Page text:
UX, UI, User Research, Service Design and Social Innovation
People over 50 often have more varied skills and experiences than younger age groups, however due to systemic ageism, digital skills gap and the lack of visibility of people finding careers later in life, over-50s are disproportionately affected by both long term and short term unemployement.
Final Prototype Mockup

The overarching objective was to contribute to Manchester's vision to become the first age-friendly city in region in the UK. Which was to be done by 
- Increase economic participation amongst over-50s
- Increase the number of those aged 50-64 in training or volunteering
- Diversify methods of engaging with the local community for over-50s 

What did we do

Working in a consortium consisting of the Centre for Ageing Better, Greater Manchester Combined Authority and Department for Work Pensions - Humanly set to investigate, uncover and ultimately rethink the ways in which employment support could be provided through co designing with people who have lived experience of unemployment in their 50s.

Point of entry into project
Getting feedback 

To uncover unique and relevant perspectives it was imperative that co-designing ran through this project with people. Therefore we continously acquired feedback from our participants. When I entered the project we used Google Forms to create a  survey which we sent out to participants with lived experience of over 50s unemployment our concept sketches of initial ideas along with a short explanation. 
This was done to gain input on what was worth exploring and why. We synthesised our feedback through plotting insights on Miro and thematically grouping them. Themes found in feedback were related to flexibility, confidence and personalisation, and this help set the direction for how we could design a service that truly appeal to over-50s currently out of work.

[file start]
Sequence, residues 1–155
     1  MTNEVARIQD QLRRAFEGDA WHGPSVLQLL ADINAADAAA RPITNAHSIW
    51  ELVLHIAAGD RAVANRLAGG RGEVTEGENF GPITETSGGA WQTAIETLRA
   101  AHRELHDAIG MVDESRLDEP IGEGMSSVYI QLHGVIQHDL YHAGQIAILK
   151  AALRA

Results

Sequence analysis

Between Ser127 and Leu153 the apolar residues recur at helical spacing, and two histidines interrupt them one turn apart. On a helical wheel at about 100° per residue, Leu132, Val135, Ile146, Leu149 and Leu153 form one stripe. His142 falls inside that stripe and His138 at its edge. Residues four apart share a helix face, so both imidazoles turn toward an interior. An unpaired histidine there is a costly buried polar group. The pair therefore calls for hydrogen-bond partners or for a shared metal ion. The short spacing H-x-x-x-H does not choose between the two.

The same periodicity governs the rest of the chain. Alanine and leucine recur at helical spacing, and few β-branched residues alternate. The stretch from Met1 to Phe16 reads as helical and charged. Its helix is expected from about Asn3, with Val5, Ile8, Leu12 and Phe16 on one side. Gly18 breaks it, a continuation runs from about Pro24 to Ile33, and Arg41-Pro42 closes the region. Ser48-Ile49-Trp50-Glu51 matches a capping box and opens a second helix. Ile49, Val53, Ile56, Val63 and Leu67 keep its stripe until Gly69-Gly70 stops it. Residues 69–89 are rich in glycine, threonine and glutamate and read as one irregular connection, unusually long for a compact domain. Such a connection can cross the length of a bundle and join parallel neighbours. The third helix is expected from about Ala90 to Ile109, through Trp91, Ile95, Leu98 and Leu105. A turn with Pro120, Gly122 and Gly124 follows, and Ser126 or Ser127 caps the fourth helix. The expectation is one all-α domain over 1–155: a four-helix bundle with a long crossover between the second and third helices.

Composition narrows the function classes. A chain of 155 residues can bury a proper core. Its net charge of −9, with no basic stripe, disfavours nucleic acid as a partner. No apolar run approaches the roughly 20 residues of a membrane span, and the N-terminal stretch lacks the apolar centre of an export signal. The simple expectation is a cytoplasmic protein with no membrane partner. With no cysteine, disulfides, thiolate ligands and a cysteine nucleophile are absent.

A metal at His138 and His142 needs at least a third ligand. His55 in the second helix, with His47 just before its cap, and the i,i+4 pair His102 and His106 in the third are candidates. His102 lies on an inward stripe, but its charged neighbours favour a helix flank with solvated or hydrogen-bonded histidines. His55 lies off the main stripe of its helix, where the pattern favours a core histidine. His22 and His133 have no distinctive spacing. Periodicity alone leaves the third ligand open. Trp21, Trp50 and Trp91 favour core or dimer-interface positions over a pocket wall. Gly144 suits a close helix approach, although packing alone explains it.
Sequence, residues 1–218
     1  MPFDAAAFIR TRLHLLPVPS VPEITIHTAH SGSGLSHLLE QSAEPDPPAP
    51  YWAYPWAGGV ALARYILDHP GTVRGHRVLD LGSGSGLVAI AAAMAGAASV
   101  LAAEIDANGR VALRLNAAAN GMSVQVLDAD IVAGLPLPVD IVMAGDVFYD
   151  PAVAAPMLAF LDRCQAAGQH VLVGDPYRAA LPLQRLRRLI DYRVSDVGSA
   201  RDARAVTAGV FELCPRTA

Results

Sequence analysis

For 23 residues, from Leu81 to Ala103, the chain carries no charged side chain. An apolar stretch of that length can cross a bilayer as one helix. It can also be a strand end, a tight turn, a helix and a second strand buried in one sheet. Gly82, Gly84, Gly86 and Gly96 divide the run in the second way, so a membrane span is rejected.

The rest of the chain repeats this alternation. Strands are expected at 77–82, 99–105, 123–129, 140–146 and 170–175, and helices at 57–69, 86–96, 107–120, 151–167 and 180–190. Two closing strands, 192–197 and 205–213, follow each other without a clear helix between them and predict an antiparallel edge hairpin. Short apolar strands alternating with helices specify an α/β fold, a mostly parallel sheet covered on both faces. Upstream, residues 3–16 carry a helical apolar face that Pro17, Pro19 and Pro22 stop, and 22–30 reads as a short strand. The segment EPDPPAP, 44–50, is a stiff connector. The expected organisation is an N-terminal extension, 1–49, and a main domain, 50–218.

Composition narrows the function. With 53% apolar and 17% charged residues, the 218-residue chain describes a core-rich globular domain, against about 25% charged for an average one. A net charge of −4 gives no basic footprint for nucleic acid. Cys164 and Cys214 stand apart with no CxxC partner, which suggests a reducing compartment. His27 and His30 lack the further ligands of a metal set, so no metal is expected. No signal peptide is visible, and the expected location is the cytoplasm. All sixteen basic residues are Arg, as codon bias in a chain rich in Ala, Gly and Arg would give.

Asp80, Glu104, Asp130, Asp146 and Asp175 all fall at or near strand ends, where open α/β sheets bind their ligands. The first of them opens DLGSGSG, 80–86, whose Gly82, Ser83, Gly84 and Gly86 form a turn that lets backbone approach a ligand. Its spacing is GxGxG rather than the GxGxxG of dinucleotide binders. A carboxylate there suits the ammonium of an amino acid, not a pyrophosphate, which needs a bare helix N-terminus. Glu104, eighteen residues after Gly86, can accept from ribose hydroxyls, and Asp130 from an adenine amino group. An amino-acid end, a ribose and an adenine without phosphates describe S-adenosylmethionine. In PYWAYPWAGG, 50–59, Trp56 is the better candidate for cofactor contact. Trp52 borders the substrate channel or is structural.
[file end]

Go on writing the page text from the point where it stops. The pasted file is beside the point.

Insights into Concept Development

As part of a team of two we were tasked with developing the concept 'Reach', an idea to create a digital platform for over-50 who long term or short term unemployed, get back into employment. We sketched out the skeleton for 'Reach' on Miro, as it allowed for us to easily collaborate with each other and reorder components of the service. 
Based off feedback from the previous stage, we wanted to focus on making sure that people could tailor the service to their needs, and have the option of getting additional support from their Universal Credit work coach.  
Using Miro to think about the Reach as a service
Pivoting through further Research 
Thinking about how to involve Universal Credit Work Coaches
We realised it would be complex to implement work coaches into the process, so getting an understanding of the sort of challenges that work coaches typically face was key in how we would further develop the service. 
To do this we went to Job Centres around London and specific parts of the UK, to interview and shadow work coaches to understand their experience in their current role, what their approach is to supporting over 50s back into work and also getting a further understanding of what provisions currently exist.
Intervieving DWP work coaches 
Shifting Position
It was obvious that the structure of Reach had to be adjusted to avoid an over reliance on work coaches due to their incredibly high workload after the pandemic and high turnover of work coaches in the role. It was also important to provide a solution that could work for people who lived in areas of the UK with less employment resource coverage. 
The new structure instead focused on 4 bespoke tools that focused on aiding users to map their life experiences, assess their cover letter, CV and provide opportunity to simulate an interview.